In the jungle …

For the third day running we had a go at getting a sighting of the lioness who was protecting her cubs.  As you head into the bush you do not feel particularly safe, as the vehicle is literally making its own path in, and even in an emergency would only be able to reverse out slowly.

The biggest protection is being in the vehicle – not that it would protect you if a lion attacked, but that unless you stand up in it, they generally do not recognise you as prey.

After a couple of minutes in this spot, we heard a loud growl and looking to our left was mama lion.

She kept watching us but not moving, and a couple of her cubs popped their heads up also. Being so close to a lioness and her cubs is cool, but you also know that is when they are second most aggressive – only more aggressive when mating.

We did look up these birds as we saw them, but I didn’t note the names down.

A less submerged hippo.

And a hippo family.

We drove into a huge herd of buffalo – around 300 or so.

Unlike in NZ when you honk at cattle on the road, you just patiently wait for them to move.

Another rhino.

We were really lucky to see some of these – the African Wild Dogs. These are very rare – sometimes people will go for years without seeing them.

They look quite cute there, but they are very efficient killers. Around 80% of their hunts end in kills, compared to 30% for lions. They kill by disemboweling and then will feed their young later by regurgitating meat up for them.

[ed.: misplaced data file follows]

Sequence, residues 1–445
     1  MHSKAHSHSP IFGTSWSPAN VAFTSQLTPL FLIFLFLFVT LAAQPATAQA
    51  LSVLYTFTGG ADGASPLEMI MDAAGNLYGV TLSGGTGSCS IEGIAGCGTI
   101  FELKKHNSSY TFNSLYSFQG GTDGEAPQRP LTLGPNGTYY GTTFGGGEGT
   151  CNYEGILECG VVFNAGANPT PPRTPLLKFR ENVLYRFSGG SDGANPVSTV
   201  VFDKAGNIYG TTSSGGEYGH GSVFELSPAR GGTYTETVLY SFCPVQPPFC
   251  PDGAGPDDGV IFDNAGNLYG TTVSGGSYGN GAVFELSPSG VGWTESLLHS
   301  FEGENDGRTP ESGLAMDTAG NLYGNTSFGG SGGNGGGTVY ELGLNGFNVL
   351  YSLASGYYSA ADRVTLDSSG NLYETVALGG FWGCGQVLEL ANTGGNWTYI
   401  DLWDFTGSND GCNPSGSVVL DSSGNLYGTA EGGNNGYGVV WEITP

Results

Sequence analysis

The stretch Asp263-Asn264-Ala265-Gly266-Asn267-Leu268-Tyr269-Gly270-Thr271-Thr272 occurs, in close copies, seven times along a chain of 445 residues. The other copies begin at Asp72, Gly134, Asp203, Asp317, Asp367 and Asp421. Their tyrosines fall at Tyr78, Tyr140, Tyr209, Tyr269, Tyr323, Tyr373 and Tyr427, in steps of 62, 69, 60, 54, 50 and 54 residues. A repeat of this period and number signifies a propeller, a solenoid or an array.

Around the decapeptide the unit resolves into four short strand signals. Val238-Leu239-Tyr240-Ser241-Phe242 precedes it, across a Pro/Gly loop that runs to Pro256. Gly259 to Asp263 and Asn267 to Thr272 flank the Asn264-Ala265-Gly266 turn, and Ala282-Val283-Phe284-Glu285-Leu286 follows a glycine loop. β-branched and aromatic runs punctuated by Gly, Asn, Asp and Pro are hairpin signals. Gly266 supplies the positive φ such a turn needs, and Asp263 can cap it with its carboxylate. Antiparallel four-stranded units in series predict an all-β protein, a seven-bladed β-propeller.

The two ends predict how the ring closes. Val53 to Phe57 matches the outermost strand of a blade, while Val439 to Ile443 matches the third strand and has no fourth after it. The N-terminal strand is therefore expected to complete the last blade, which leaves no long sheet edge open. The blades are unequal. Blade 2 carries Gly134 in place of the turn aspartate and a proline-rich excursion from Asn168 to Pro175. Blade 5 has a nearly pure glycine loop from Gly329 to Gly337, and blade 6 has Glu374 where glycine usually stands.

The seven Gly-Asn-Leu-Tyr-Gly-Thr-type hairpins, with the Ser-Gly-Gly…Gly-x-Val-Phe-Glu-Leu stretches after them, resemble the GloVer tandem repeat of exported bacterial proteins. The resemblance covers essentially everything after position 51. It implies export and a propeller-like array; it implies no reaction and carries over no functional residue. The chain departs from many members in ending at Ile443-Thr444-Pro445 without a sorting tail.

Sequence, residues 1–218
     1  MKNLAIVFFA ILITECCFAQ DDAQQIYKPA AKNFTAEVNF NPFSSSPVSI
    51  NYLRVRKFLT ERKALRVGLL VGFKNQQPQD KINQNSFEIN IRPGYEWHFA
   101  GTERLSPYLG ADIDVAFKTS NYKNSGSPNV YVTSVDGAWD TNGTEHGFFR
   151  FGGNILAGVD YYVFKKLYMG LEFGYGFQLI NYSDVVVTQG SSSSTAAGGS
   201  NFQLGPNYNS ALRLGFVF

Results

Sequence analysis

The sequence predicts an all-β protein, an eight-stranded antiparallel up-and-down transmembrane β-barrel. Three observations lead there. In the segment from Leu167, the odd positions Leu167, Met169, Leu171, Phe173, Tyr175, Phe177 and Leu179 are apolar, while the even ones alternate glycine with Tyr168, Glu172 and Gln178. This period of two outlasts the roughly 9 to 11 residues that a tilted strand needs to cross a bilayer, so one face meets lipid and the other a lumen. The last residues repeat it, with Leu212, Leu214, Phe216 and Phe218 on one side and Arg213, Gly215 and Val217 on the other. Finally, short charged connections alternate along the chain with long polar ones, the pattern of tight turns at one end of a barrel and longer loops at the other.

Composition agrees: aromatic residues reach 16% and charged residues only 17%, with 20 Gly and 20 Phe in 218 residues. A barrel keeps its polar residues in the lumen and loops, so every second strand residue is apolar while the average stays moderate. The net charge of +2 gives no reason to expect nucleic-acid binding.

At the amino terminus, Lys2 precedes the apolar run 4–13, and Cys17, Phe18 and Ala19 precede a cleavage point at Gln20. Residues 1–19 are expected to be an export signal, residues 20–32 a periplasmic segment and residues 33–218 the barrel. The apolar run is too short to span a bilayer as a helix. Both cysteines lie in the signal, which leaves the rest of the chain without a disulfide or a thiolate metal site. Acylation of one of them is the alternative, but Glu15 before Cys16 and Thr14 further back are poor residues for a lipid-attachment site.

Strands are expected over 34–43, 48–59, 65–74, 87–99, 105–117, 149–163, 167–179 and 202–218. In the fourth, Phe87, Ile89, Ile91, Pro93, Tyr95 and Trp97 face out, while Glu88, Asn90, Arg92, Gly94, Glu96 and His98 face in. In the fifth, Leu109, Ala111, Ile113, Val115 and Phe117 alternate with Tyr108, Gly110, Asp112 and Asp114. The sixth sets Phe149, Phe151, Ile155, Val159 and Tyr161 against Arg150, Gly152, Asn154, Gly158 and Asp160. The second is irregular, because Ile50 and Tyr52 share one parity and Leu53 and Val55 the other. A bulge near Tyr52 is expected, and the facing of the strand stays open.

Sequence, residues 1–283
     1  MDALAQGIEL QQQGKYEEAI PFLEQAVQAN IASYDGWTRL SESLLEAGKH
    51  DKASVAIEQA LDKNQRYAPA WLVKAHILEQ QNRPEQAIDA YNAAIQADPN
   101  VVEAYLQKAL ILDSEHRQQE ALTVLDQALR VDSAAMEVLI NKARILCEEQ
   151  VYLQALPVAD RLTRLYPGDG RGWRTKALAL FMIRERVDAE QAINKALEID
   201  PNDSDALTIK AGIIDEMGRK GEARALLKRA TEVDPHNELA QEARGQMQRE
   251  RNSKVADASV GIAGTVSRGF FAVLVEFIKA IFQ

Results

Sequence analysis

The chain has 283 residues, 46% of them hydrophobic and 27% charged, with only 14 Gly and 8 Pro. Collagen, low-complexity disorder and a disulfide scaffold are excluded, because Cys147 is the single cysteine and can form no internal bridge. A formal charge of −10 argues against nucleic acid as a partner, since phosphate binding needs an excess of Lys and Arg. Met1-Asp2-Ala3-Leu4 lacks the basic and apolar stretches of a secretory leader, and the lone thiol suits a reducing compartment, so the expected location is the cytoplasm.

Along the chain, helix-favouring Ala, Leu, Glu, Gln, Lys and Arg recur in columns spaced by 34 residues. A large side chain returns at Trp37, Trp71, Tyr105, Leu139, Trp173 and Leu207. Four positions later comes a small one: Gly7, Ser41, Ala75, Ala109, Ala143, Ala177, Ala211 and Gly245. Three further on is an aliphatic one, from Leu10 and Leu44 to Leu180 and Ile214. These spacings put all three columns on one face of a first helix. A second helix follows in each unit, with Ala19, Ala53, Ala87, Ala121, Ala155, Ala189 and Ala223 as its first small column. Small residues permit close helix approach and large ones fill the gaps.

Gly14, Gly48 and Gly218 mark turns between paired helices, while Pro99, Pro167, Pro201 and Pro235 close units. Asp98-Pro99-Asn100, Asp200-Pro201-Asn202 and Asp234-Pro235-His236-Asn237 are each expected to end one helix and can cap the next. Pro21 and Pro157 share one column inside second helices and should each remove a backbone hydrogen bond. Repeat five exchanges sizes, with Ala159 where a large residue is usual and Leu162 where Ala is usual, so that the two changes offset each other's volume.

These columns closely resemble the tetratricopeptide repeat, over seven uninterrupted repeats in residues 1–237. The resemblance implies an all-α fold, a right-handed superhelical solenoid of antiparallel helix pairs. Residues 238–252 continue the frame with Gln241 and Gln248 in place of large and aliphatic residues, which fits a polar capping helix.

They have the strongest bite relative to their mass of any extant mammal carnivore.

I love the giraffes. They are so, well African, and just dominate an scene they are in.

After the morning drive on the third day I commented to the guides that I had yet to see any elephants. Now by pure coincidence this elephant walked past the lodge while we were at lunch. How is that for room service!

He had a drink from our pool.

After lunch we went out and found another elephant – a slightly bigger one.

The guide had said that if you are on foot hippos are probably the most dangerous, but elephants are the most dangerous in a vehicle, as they could over turn it easily. Well this elephant got a bit snarly with us and did a minor charge of two to three metres towards us. I didn’t wet my pants, but lets say I did turn somewhat white.

Later on we came across a leopard and two mating lions. The lions mate every 15 minutes so you can often hear them. As were were heading towards them the vehicle got stuck in an unseen ditch, so we all had to get out, while it was freed. Now mating lions can be very aggressive, so there was a degree of nervousness about being out of the vehicle as if they see you out of it, they may regard you as prey. The gun was ready to go, just in case.

As it happens the lions went away. We saw the leopard briefly, but not in time for a photo. Have now seen all of the big five, but I count it as four and a half as I only saw the leopard’s arse.

 

Every evening just before sunset we stop and have some drinks. Very nice.

And after the sun sets we spend an hour or so using a spotlight to spot more beasts, usually getting home around 8 pm for dinner.

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